Borgata Sued For Counterfeit Chip Poker Scandal

A class-action lawsuit representing players has been filed against the Borgata Casino Hotel & Spa charging the casino improperly supervised the opening tournament of last month’s Borgata Winter Poker Open, which was suspended after counterfeit chips were found in play. More than 4,000 players entered the tournament, but play was suspended with only 27 players left in the field. The suit seeks restitution for all players.

Atlantic City’s Borgata Casino Hotel & Spa has been hit with a class-action lawsuit charging that the casino improperly supervised a major poker tournament, which was suspended after counterfeit chips were found to be in play.

The lawsuit seeks restitution for more than 4,000 players that entered the tournament including buy-in fees and incidental costs such as travel expenses.

The tournament was the opening tournament event of Borgata’s Winter Poker Open in January, one of the casino’s largest poker events of the year. The $500 buy-in tournament—plus $60 in tournament fees—met a $2 million prize-pool guarantee by attracting better than 4,000 players.

However, more than 800,000 in counterfeit tournament chips were discovered in play and the tournament was suspended with only 27 players remaining in contention. Tournament chips only have value within the tournament and cannot be redeemed for cash.

The lawsuit is led by Egg Harbor Township resident Jacob Musterel on behalf of all the players in the event, reports the Press of Atlantic City.

Christian Lusardi, of Fayetteville, N.C., was arrested in January and charged with introducing the fake chips. He was found in an Atlantic City motel after allegedly attempting to flush counterfeit chips totaling 2.7 million down a toilet at Harrah’s Casino Resort. The chips were then found by Harrah’s staff after guests complained of leaks in the hotel’s plumbing.

The investigation into the counterfeit scam remains open and the remaining prize money in the tournament has been frozen. A state Division of Gaming Enforcement suspension of the tournament remains in force, DGE officials said.

The lawsuit filed in Atlantic County New Jersey Superior Court alleges fraud and negligence on the part of Borgata and accuses the casino of failing to properly supervise the event, the Press reports. The suit seeks refunds of all buy-in money and entry fees as well as reimbursement for incidental damages, such as travel costs.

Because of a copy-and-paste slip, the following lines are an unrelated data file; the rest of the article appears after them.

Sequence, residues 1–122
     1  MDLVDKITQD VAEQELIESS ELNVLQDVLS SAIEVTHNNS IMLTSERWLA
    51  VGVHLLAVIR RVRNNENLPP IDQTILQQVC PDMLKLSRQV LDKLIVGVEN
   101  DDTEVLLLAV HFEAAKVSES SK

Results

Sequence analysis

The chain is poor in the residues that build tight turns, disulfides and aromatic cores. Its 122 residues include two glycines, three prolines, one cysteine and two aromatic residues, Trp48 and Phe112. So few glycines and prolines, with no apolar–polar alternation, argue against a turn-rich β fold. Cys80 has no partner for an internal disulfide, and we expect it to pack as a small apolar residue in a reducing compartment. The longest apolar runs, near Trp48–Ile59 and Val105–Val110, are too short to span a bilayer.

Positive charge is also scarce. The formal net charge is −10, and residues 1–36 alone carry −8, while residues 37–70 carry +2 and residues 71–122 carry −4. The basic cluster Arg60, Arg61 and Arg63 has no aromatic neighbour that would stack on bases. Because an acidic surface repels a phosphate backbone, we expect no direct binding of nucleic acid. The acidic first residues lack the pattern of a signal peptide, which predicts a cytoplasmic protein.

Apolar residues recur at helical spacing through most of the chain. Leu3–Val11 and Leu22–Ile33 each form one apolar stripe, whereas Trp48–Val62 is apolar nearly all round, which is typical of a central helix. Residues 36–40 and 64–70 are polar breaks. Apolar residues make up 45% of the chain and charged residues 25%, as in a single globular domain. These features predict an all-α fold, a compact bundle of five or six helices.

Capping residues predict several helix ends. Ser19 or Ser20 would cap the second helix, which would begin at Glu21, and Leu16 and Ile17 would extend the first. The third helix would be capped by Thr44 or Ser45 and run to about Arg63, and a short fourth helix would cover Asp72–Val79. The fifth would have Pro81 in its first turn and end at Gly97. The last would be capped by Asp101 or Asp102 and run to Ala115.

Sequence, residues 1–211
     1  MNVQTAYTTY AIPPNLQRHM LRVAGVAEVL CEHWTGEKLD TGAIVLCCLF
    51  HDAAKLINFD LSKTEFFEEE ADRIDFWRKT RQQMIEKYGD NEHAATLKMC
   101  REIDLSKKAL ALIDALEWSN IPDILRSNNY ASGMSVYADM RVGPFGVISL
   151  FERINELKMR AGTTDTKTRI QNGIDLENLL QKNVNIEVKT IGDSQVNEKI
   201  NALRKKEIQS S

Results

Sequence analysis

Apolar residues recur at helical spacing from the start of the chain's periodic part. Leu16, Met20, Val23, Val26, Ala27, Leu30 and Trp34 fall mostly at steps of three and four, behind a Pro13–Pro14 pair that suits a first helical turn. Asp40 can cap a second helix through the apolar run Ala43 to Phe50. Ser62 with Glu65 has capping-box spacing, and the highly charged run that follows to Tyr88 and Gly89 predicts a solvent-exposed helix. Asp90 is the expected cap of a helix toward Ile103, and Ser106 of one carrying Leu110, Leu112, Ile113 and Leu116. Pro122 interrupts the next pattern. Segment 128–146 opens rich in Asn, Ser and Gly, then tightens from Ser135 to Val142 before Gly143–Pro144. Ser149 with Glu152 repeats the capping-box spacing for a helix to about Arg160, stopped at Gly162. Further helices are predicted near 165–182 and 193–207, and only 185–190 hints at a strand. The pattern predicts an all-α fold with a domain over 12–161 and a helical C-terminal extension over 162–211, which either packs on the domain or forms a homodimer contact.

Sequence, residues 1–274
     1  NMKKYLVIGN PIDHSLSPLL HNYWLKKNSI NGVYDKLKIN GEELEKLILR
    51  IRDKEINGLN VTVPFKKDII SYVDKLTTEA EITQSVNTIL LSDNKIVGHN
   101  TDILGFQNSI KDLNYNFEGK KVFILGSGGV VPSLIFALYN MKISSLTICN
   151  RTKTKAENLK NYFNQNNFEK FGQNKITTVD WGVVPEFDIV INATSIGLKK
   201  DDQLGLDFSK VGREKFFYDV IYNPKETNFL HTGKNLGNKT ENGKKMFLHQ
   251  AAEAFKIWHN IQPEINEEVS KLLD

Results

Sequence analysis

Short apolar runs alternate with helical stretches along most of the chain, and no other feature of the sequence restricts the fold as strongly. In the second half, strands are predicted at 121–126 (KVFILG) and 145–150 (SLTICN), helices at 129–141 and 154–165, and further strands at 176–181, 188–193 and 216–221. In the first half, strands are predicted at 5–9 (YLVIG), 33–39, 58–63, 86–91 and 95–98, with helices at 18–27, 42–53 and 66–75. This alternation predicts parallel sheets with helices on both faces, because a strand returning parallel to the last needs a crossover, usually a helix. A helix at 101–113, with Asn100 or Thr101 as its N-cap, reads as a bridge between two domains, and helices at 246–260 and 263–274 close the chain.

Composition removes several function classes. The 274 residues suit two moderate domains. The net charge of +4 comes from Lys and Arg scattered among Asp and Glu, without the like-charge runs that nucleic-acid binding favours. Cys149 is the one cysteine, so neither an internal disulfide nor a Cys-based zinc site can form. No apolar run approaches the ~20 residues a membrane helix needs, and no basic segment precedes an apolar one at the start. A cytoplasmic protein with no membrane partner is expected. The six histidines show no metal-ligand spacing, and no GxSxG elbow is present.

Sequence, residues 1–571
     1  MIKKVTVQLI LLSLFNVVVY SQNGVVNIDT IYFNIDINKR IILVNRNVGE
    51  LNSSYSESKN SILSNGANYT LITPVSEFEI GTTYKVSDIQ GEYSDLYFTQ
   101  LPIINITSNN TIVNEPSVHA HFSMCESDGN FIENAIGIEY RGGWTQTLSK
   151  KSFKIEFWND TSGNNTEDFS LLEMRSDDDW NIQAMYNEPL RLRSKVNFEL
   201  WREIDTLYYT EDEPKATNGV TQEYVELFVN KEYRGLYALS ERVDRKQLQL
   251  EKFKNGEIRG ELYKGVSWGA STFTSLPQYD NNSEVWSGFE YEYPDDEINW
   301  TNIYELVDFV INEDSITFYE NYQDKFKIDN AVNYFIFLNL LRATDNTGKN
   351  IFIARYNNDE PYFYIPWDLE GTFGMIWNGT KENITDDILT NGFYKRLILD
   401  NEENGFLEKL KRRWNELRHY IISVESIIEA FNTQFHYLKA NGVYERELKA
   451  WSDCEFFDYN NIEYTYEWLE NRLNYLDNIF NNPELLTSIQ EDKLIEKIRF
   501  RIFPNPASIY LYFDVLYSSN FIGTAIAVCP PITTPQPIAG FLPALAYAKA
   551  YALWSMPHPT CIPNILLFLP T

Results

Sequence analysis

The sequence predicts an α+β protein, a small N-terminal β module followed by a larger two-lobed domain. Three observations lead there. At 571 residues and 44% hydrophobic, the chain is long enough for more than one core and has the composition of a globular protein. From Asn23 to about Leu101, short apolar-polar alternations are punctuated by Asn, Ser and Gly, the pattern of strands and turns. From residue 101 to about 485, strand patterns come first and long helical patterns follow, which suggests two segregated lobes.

“In my 31 years in practice, I have to say this is one of the cleanest claims we’ve had,” Bruce LiCausi, Musterel’s attorney told the Press. “Borgata holds itself as a respected provider of poker tournaments. They might say this is a learning experience for them, and while that’s laudable, it’s at the expense of the thousands who traveled to Atlantic City and entered this tournament under the expectation that it would be run properly.”

Borgata officials would not comment on the suit.

The lawsuit also alleges that Borgata had insufficient security and supervision for the tournament. The suit also states that several players noticed the counterfeit chips during the tournament and informed Borgata’s staff, yet the tournament continued. It also faults Borgata for not making regular chip counts and charges that the casino “acted negligently in permitting an utterly rigged gaming event to occur at their casino.”

Police are apparently still investigating whether Lusardi acted alone in the counterfeit chip scheme.

According to law enforcement documents obtained by the Press from another pending case against Lusardi—involving bootleg DVDs—Lusardi made the fake chips with spray paint and shipped them to Harrah’s Resort in Atlantic City where he was staying.

Lusardi, 42, also had received packages from Hong Kong that were described as “plastic chips” and hid the counterfeit chips in Borgata bathrooms. Once he believed the casino found out about the chips, he panicked and flushed those that remained, he told authorities.

Officials, however, have said Borgata officials only became aware of the counterfeit chips after being notified by Harrah’s of the flushed chips.